China Eastern Airlines grows rapidly in Kunming-Southeast Asia market but at expense of yield


There can be too much of a good thing, even precious slots at China's major airports. Kunming released new slots simultaneously, sparking a market share battle. Kunming's largest carrier, China Eastern Airlines, is increasing frequencies by 37% and seat capacity by 47% in the peak summer period in 2014 compared to 2012. China Eastern has broadly been able to maintain market share, with only a 1ppt decrease, but this has come at the cost of declining yields.

China Eastern undertook rapid growth in the Kunming-Southeast Asia market and saw international yields decline by 9%, largely due to the Kunming expansion. Kunming is becoming a more important part of China Eastern's hub strategy as it uses Kunming's southern geography as a hub for South and Southeast Asian flights. This is allowing China Eastern to alleviate growth pressure at its slot constrained Shanghai hubs; North Asia and regional Hong Kong/Macau/Taiwan services are growing faster out of Shanghai than Southeast Asian flights from Shanghai. China Eastern now has more capacity to Chiang Mai from Kunming than it does from Shanghai.

  • Kunming Airport experienced rapid growth in slot portfolio, leading to a market share battle among airlines.
  • China Eastern Airlines increased frequencies and seat capacity in Kunming by 37% and 47% respectively in the peak summer period of 2014 compared to 2012.
  • China Eastern's expansion in Kunming resulted in a slight decrease in market share but allowed the airline to alleviate growth pressure at its slot-constrained Shanghai hubs.
  • Domestic flights constitute the majority of China Eastern's operations in Kunming, with international flights accounting for only 9% of seat capacity in 2014.
  • China Eastern focused on growing its Southeast Asia flights from Kunming, resulting in a 25% increase in flights and a 59% increase in seat capacity.
  • The rapid growth at Kunming Airport negatively impacted China Eastern's international yields, leading to a 9% decline in overall international yields for the airline in 2013.

Kunming released new slots simultaneously, prompting a market share battle

Kunming in Nov-2012 grew its slot portfolio and made all of the additional slots available at the same time. As a result airlines grabbed slots immediately to pre-empt competitors. This proved to be too rapid an increase, with airlines creating a market share battle as they added more capacity than the market could absorb. In the first 10 months of 2013, the latest data available, Kunming's aircraft movements grew a remarkable 34%. With that level of expansion, short term excess capacity on some routes became inevitable.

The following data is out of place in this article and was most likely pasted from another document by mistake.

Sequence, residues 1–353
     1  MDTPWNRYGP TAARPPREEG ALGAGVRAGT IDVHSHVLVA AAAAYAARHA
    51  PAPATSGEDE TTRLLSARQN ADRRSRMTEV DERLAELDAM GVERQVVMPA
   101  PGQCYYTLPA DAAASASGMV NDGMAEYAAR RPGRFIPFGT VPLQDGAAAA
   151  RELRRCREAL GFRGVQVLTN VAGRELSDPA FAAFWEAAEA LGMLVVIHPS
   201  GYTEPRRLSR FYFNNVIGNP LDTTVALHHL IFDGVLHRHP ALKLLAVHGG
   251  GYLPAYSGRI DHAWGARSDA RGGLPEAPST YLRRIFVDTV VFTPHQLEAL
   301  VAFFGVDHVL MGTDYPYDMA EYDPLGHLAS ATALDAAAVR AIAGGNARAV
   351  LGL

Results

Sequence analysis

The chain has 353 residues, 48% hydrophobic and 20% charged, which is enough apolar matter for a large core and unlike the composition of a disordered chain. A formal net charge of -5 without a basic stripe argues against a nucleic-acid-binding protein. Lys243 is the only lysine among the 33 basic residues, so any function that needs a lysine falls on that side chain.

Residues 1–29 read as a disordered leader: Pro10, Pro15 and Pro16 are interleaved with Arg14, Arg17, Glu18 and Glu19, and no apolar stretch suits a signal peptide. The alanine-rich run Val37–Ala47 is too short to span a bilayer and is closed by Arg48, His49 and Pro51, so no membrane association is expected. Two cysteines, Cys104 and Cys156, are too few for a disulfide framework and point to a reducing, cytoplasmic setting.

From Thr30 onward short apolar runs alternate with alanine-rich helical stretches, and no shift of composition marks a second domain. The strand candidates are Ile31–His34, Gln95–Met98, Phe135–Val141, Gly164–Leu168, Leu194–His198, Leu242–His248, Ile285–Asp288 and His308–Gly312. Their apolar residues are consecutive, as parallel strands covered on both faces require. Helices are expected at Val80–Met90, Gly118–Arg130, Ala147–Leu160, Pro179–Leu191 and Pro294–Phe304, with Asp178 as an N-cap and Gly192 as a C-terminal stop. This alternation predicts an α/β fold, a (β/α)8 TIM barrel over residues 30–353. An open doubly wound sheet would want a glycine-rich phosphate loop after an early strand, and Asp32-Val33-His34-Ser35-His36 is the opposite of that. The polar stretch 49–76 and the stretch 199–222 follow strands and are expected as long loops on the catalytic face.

Kunming Airport monthly aircraft movements: 2009-2013

Based on Jun-2014 seat capacity Kunming is China's seventh largest airport and the world's 52nd largest, bigger than airports including Detroit, Melbourne and Oslo. Kunming was China's fastest-growing airport in 2013.

See related report: China airport wrap: Beijing's growth slows while Shanghai awaits a surge; Kunming fastest-growing

Passenger volumes and year-on-year growth of airports in China with over 10m annual passengers: 2013

China Eastern slightly reduces its Kunming market share

Looking at movements between July and September, Kunming's peak period, China Eastern grew frequencies by 37% between 2012 and 2014 while seat capacity increased by 47%. Despite this enormous growth, it was slightly below total growth. This has caused China Eastern to lose approximately 1.4ppt of market share.

However, China Eastern still sits comfortably as the largest carrier in 2014 with a 41% market share, significantly ahead of the 13% held by Kunming's second-largest carrier, Lucky Air, which is affiliated with the HNA Group.

Market share changes of carriers at Kunming with over 1% market share from Jul-2014 to Sep-2014


2014 Seat Rank

2014 vs 2012 Market share

China Eastern



Lucky Air



China Southern



Kunming Airlines



Sichuan Airlines



Air China



Shenzhen Airlines



Xiamen Airlines



Spring Airlines



Shandong Airlines



Hainan Airlines



Ruili Airlines



Okay Airways



Beijing Capital Airlines



China's main carriers - Air China, China Eastern and China Southern - all recorded market share decreases in Kunming. Smaller carriers have made noticeable gains, with Lucky Air increasing its share by 2.9ppt and start-up Ruili Airlines securing a 1.4% market share despite not being operational in 2012.

It is common for dominant carriers to lose market share as China's airports expand. A guiding theme may be a gradual introduction of more competition. But for airlines, this is troublesome as they remain focused on believing the largest market share equates to the best opportunity for success.

China Eastern expanded Kunming presence by 37%, mostly in domestic China

Domestic flights are at the heart of China Eastern's operation at Kunming, with international (including Hong Kong, Macau and Taiwan) flights comprising only 9% of its seat capacity in 2014.

China Eastern grew its domestic slots slightly faster (38%) than its overall slot growth in Kunming (37%) between 2012 and 2014. Domestic seat capacity increased at a faster rate of 46%, in line with China Eastern's overall seat capacity growth in Kunming of 46% between 2012 and 2014.

China Eastern grew Southeast Asia flights by 25%, seats by 59%